NEW DELHI: India’s Prime Minister Narendra Modi, while addressing a speech on Saturday in the southern Indian town of Kozhikode, vowed that India will mount a global campaign to isolate Pakistan in the world.

“We will isolate you. I will work for that,” Modi said in his first speech after the attack on an Indian army base in India-held Kashmir last Sunday that killed 18 soldiers.

He said that in the last four months, Indian security forces have killed 110 terrorists who allegedly crossed over the cease-fire line in Kashmir from Pakistani territory.

“Terrorist attacks in Bangladesh and Afghanistan were also being instigated from Pakistan.” He also accused Pakistan of trying to destabilise Asia by exporting terrorism.

Editorial: Modi’s aggressive language

“This is the only country that is exporting terrorism in all corners,” Modi said, without directly naming Pakistan, in his first public comments since the attack.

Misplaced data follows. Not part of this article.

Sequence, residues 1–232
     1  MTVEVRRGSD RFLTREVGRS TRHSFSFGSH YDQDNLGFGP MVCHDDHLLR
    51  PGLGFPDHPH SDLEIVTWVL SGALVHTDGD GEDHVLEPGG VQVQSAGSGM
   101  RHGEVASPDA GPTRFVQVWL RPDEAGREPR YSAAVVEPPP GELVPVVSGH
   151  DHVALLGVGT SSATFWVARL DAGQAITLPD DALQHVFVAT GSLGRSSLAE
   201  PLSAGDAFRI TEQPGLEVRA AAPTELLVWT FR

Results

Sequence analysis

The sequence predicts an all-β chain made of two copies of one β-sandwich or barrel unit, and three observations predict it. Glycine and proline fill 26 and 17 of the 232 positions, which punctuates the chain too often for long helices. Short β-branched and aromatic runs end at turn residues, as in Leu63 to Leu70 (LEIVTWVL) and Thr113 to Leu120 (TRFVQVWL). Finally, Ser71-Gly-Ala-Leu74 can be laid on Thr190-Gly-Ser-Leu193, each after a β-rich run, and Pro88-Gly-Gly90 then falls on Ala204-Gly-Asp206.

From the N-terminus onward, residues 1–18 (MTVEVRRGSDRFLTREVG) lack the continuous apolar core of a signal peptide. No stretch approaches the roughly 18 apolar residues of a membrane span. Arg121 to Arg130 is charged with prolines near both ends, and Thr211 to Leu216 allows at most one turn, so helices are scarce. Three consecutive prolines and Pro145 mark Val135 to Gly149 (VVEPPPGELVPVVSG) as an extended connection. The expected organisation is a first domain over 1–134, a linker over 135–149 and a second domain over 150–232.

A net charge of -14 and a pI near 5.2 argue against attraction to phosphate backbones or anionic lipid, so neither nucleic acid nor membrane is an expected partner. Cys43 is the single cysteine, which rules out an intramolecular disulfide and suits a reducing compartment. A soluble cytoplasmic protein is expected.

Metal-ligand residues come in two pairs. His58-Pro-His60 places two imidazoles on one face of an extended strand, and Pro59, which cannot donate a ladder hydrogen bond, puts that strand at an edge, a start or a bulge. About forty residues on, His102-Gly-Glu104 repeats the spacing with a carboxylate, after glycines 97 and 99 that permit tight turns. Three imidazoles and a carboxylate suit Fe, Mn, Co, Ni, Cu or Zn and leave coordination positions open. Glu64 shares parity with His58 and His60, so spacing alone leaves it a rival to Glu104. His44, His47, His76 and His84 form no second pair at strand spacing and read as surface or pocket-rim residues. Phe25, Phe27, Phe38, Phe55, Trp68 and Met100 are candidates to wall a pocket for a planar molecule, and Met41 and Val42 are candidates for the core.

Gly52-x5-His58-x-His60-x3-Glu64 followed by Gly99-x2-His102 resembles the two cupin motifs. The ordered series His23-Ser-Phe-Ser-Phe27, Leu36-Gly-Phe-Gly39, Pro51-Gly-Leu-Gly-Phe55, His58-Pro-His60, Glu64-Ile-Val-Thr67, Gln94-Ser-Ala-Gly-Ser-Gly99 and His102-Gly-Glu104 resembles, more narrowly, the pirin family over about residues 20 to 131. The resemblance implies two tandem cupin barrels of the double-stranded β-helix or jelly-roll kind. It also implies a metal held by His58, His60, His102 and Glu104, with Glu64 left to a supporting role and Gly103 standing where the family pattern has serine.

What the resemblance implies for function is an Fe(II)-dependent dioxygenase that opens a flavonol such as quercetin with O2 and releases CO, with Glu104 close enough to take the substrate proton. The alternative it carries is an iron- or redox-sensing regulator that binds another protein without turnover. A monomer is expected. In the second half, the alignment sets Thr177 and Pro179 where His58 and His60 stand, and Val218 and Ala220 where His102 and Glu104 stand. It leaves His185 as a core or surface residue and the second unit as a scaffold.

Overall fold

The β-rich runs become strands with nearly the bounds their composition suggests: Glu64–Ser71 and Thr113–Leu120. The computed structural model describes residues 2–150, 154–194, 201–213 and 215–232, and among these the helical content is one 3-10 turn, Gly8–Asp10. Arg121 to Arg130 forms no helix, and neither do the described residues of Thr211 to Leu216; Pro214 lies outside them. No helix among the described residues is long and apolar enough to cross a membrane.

“Wherever there is news of terror, there is news that either the terrorist first went to this country or later, after the incident, like Osama Bin Laden,” he said addressing a rally in southern Kerala state.

Addressing the Pakistani people directly, he added: “We both gained independence in the same year but (today) India exports software and your leaders export terrorists.”

“India has and never will bow down in the face of terrorism,” Modi said.

Modi warned Islamabad that India would continue to push to make Pakistan a pariah state in the eyes of the international community.

“We will intensify it (our efforts) and force you to be alone all over the world,” he said.

Know more: China to support Pakistan against foreign aggression

Some Indian military experts have called for cross border strikes against suspected militant camps across the border in the wake of the latest attack.

But Pakistan has warned it will hit back against any Indian attack and the latest tensions between the nuclear-armed neighbours are drawing concern.

On Wednesday, Prime Minister Nawaz Sharif told the UN General Assembly that Pakistan wanted peace but New Delhi was an obstacle to talks.

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